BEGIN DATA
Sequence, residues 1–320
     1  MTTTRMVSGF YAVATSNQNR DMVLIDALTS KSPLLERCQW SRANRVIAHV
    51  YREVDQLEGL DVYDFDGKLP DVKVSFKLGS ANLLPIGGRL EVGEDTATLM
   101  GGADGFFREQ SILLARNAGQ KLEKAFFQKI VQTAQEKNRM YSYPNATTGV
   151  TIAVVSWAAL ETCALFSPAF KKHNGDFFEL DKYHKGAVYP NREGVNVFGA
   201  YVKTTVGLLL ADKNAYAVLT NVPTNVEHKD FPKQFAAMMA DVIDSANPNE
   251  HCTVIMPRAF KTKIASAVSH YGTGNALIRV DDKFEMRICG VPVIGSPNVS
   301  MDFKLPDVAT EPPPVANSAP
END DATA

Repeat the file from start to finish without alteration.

Sequence, residues 1–320
     1  MTTTRMVSGF YAVATSNQNR DMVLIDALTS KSPLLERCQW SRANRVIAHV
    51  YREVDQLEGL DVYDFDGKLP DVKVSFKLGS ANLLPIGGRL EVGEDTATLM
   101  GGADGFFREQ SILLARNAGQ KLEKAFFQKI VQTAQEKNRM YSYPNATTGV
   151  TIAVVSWAAL ETCALFSPAF KKHNGDFFEL DKYHKGAVYP NREGVNVFGA
   201  YVKTTVGLLL ADKNAYAVLT NVPTNVEHKD FPKQFAAMMA DVIDSANPNE
   251  HCTVIMPRAF KTKIASAVSH YGTGNALIRV DDKFEMRICG VPVIGSPNVS
   301  MDFKLPDVAT EPPPVANSAP